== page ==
The heating and cooling as well as the refrigeration industry are already adequately prepared in the transition from R22. The use of R22 in refrigeration has declined substantially in the last few years a trend that is only projected to continue. Hydrofluorocarbons such as R-410a and R-134a are today the most common refrigerants accounting for nearly 81% of refrigerant use in Australia. HFCs are currently being phased out in Australia and globally, and this is because of the damage these carbons do to the ozone layer.

What does the law say?

The Australian Government's Synthetic Greenhouse Gas Management and Ozone Protection legislation has formulated certain legal requirements for using controlled HCFC, HFC as well as CFC refrigerants. These guidelines are intended to curb the discharge of refrigerant into the atmosphere.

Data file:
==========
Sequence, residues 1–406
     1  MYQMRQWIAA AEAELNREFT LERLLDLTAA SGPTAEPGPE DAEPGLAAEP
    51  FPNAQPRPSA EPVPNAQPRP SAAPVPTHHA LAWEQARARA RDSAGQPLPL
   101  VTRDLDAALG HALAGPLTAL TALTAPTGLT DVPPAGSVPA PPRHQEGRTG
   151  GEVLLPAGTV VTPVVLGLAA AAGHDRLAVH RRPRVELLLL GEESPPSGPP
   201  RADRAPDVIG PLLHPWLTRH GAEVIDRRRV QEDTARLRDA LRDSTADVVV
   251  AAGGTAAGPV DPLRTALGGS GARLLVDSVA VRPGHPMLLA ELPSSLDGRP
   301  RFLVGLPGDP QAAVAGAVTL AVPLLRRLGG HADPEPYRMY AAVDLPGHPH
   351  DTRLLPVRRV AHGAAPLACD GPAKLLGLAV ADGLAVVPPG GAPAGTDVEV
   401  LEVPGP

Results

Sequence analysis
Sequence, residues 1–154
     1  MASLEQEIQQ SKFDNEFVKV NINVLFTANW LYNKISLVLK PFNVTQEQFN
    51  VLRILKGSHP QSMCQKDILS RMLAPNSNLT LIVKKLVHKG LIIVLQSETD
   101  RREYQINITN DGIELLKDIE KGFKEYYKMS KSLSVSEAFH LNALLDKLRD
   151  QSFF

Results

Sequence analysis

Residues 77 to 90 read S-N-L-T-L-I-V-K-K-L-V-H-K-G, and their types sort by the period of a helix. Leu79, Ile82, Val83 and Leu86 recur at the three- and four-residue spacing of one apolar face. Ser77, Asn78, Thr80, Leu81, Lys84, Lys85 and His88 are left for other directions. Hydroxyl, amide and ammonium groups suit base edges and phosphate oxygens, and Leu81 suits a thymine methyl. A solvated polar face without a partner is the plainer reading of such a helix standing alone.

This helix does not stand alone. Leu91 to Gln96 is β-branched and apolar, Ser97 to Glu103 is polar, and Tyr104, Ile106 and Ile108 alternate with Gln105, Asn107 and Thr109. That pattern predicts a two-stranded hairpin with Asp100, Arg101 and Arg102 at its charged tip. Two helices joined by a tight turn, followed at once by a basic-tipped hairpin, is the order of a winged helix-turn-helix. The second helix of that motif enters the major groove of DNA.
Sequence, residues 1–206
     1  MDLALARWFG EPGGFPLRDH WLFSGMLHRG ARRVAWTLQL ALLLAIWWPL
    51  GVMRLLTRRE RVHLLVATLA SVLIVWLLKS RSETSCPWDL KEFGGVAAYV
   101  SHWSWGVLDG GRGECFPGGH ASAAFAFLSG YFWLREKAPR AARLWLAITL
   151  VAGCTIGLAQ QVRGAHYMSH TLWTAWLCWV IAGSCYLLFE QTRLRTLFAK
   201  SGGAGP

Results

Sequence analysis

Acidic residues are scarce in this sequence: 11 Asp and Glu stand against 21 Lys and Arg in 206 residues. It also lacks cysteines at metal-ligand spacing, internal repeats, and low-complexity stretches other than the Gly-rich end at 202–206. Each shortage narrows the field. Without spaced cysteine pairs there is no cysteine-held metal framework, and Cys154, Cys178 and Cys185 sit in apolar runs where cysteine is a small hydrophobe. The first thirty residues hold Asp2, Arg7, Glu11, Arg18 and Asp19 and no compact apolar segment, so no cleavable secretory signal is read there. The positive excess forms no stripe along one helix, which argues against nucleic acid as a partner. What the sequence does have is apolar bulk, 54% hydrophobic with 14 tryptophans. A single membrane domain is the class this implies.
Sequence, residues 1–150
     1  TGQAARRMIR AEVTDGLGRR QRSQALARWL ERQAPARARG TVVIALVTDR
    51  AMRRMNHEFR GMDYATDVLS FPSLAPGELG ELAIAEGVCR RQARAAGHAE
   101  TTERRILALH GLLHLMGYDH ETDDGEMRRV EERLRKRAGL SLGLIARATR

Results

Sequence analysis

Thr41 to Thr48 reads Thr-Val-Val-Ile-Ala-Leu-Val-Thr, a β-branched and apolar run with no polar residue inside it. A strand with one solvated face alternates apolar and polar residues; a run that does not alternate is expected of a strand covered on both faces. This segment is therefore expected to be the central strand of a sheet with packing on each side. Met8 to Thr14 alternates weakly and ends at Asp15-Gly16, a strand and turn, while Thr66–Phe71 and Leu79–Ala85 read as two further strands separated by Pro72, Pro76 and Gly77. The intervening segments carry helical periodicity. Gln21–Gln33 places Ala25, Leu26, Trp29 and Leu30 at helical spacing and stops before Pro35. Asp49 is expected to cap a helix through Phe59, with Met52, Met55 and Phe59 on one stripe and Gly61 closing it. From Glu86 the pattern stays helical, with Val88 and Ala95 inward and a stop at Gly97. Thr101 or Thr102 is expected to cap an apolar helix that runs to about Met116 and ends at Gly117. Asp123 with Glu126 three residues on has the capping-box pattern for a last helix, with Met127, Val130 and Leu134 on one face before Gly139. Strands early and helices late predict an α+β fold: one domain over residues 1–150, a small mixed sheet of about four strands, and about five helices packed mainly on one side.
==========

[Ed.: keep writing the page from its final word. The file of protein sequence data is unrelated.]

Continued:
First and foremost, it is imperative to note that refrigerant must never be vented or discharged, except in extremely limited scenarios and must be recovered by a qualified licensed professional when equipment nears the end of its life. What is more, all projects on systems that contain these refrigerants must be conducted by highly qualified and well-trained technicians. Technicians need to comply with all the relevant authorities’ laws and regulations, industry standards such as electrical safety standards. It is also important to note that anyone or a company that violates any of these regulations may face a penalty of $63,000 and $315,000 respectively.